Story by Pravit Rojanaphruk and Teeranai Charuvastra
BANGKOK — Members of a movement behind some of Thailand’s previous cycles of protests are left wondering if it should keep its distance or hitch a ride on the growing student-led resistance against the government.
For a Redshirt campaigner like Anurak Jeantawanich, he believes the movement supporters should refrain from having an overt presence at rallies led by student activists lest the authorities connect the two factions together – though others disagree with his reclusive view.
“We have to ensure that the image of the students is that of white piece of cloth and as clean as possible,” Anurak said in an interview. “If they merely join the protests as Redshirts and offer food, donate money, look out for security and quietly offer advice, that’s acceptable.”
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Anti-government activist Ekachai Hongkangwan shares the same view. Writing online, Ekachai said there is an unspoken resentment between Redshirts and the student leaders, and urged fellow Redshirts to keep a respectful distance from the youth movement.
“Don’t let the children feel like we interfere with them too much,” Ekachai wrote. “Some Redshirts want to be on the students’ stage. I’ve seen some all pumped up to go onstage, it’s too obvious. But I don’t recommend that at all.”
The activist went on, “If the Redshirts want to express themselves, we should make a separate stage … so that the children wouldn’t see the Redshirts as trying to [hijack] their movement.”
The Redshirt movement, which consisted mostly of ex-PM Thaksin Shinawatra supporters and opponents of the military, was effectively dismantled by the junta after it seized power in 2014. Most of its leaders were either jailed or told not to engage in politics, and some were bought outright into the pro-military faction.
Despite the decimated leadership, Redshirt members continued to support anti-government protests, and many were seen at the ongoing student-led rallies.
Thida Thavornseth, the former chairwoman of the Redshirt umbrella organization, said she and other leaders made it a point not to participate in the student demonstrations, citing fears that the government may accuse them of using the students as their proxies.
But she said ordinary Redshirts should feel free to join the protests.
“There may be a generation and class differences, but we shared the same goal,” Thida said. “The youth should lead the way now.”
The debate owes in part to a common perception in Thai society of the student movement as a “pure” political force, unlike other protest movements “tainted” by politician agendas.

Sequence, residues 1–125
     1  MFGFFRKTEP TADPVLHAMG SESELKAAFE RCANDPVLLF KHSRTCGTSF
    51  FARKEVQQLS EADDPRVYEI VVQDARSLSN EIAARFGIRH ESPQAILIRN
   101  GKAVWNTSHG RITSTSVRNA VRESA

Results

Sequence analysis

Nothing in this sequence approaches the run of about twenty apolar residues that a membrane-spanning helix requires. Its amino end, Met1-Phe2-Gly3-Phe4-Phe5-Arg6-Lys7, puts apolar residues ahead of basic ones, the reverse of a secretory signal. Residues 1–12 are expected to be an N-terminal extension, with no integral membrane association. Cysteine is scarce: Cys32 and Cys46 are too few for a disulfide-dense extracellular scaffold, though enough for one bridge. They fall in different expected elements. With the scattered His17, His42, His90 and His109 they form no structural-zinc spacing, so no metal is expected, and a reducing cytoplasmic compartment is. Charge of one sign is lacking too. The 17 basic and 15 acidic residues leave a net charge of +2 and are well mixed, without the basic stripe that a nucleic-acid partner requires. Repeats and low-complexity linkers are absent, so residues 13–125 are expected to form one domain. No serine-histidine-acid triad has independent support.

Anurak the Redshirt also said the negative stigma against Redshirts is real, and Redshirts should be mindful not to inadvertently corrupt the students-led struggle into their own will.
“I do not support that,” Anurak, aka Ford Red Path, said.
But other Redshirts say they have the rights to participate in the student protest movement as much as anyone else. Suwanna Tallek, a self-identified Redshirt, recently staged a rally in solidarity with the students without any backlash.
“It doesn’t matter what shirt color we wear as long as we have the right to express ourselves,” Suwanna said on the phone, adding that most of the people who showed up at police stations to support student activists when they’re arrested are Redshirts themselves.
Nuttaa “Bow” Mahattana, a prominent anti-junta activist, agreed and said Redshirts should not be too paranoid.
“Whether one gets invited on stage or not is up to the organizers,” Nuttaa said. “Our side is more paranoid than the other side. This is because we are not familiar with democratic culture. Some are even control freaks.”
She continued, “The organizers will have to depend on Redshirts as well.”
One of the student movement leaders also said he doesn’t mind if Redshirt uncles and aunties want to participate in their activities.
“It’s their right to join the protests and express their identity by wearing Redshirts, just like LGBT expressed their identities,” Free People group leader Tattep Ruangprapaikitseree said in an interview.
“As to whether any reds would be invited to speak on stage or not, it will depend on the topics, content, and time limits,” he added. “They will not be discriminated against just because they are Redshirts. We will not reproduce the fears of Redshirts.”
The next “major” anti-government rally is scheduled for Sep. 19 – the anniversary of the Sep. 19, 2006, coup – though organizers have yet to say what topics will be discussed.